He has played an integral role in Serengeti research over the past forty years. In early December of 1991, with funding from various agencies including Canada's Natural Science and Engineering Research Council (NSERC), he organized and conducted a workshop in Seronera, the research station located in the center of the park. The participants in the workshop, all scientists interested in different aspects of the Serengeti ecosystem, built a computerized model of the reserve. Using software developed at UBC, they included not only parameters such as rainfall levels and numbers of predators, but also the effects of human activity on the system, such as poaching, tourism, and health care levels of the local people. The resulting model was a first attempt to make predictions of the future of the Serengeti ecosystem, based on a large-scale, science-based overview of the entire park.

The process brought together a group of researchers who had for the most part been working independently of each other, and had never before collaborated with each other. They were able to start seeing their work in a new way, and to see how the whole system fit together. The model allowed them to see where more detailed work needed to be done and for many of them, it opened up new avenues of research.

Dr. Sinclair has produced three books on the Serengeti, has just finished a forth (Fall, 2006) and plans to have a fifth. Each one is a collection of papers written by various scientists, and each covers a different time period in the life of the reserve and his time there.

His work is not limited to the Serengeti. He has also worked with Charles Krebs in the Yukon doing a 20 year study of the population dynamics of the snowshoe hare, and has conducted a large amount of work in Australia and New Zealand designing conservation experiments.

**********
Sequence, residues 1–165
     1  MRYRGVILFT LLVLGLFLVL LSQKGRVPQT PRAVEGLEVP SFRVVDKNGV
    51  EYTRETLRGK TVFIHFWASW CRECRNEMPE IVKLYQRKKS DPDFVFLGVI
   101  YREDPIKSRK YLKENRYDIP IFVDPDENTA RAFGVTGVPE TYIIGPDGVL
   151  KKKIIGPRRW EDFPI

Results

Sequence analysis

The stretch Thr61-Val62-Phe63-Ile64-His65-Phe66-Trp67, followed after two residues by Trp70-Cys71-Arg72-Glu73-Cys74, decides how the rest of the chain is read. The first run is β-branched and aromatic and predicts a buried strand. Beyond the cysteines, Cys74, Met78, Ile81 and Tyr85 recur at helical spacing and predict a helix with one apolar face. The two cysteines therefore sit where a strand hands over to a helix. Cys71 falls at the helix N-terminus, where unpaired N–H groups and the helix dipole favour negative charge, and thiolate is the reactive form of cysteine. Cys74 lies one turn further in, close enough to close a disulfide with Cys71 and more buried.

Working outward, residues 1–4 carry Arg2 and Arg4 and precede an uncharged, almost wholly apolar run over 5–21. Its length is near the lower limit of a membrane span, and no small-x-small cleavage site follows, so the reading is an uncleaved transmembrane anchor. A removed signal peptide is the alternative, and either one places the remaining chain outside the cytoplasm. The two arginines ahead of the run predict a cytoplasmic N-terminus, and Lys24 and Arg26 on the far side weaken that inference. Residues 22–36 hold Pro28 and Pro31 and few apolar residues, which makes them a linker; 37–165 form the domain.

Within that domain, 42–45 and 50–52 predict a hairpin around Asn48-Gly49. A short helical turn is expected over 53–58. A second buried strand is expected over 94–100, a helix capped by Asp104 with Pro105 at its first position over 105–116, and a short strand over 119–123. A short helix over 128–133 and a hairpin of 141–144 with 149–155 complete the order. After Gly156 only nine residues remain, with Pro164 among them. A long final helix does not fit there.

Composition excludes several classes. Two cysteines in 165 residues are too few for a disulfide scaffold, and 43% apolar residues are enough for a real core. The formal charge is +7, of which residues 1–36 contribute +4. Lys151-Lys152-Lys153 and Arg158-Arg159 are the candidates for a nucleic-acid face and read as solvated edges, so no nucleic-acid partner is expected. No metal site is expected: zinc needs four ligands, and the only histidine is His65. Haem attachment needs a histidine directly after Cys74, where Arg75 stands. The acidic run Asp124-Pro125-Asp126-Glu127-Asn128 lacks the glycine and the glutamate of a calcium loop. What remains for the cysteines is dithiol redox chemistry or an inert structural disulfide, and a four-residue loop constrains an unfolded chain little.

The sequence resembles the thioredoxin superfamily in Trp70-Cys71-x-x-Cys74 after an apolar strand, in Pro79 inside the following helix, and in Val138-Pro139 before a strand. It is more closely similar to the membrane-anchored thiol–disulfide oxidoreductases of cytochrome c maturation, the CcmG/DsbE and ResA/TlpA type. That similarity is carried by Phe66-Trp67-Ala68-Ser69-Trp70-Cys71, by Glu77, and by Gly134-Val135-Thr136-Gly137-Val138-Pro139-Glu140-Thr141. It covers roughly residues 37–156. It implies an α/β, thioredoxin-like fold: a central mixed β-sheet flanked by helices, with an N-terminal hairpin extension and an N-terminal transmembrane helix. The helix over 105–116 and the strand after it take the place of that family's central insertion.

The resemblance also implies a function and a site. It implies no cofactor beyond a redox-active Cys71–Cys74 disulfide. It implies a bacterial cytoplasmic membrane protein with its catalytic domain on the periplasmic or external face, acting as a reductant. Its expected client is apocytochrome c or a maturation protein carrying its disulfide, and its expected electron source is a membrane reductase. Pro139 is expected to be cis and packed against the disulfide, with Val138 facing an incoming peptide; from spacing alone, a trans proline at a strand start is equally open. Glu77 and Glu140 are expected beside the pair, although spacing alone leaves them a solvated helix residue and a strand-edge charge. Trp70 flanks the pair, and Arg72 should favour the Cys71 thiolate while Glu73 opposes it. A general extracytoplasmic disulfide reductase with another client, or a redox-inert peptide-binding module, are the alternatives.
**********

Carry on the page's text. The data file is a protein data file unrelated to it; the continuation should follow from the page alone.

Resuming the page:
Nearing the age of retirement, Sinclair has bought some land on the shore of Lake Victoria near the western boundary of the Serengeti National Park, and will be building a house there. He will be sharing it with Simon Mduma, who is the head of all Tanzanian research in the Serengeti. When he retires, Sinclair plans to live there much of the year and act as a technical advisor, with free access to the Serengeti to conduct his research, and to just be in the land he loves.

Author: Jeff Schering

Additional Information:

Sinclair, A.R.E. and M. Norton-Griffiths (eds.). Serengeti: Dynamics of an Ecosystem. Chicago University Press, 389 pages. (1979). 2nd ed. (1995).Sinclair, A.R.E. and P. Arcese (eds.). Serengeti II: Dynamics, Management and Conservation of an Ecosystem. Chicago University Press. (1995).

Sinclair, A.R.E., Craig Packer, Simon A.R. Mduma and John M. Fryxell. (eds). Serengeti III: Human impacts on ecosystem dynamics. Chicago University Press. 2006.

Packer, C. Into Africa. Chicago University Press. (1994).

Interview with Tony Sinclair on Radio Canada International (RCI) on Feb 4, 2005. Interview starts at time 3:30.

The Person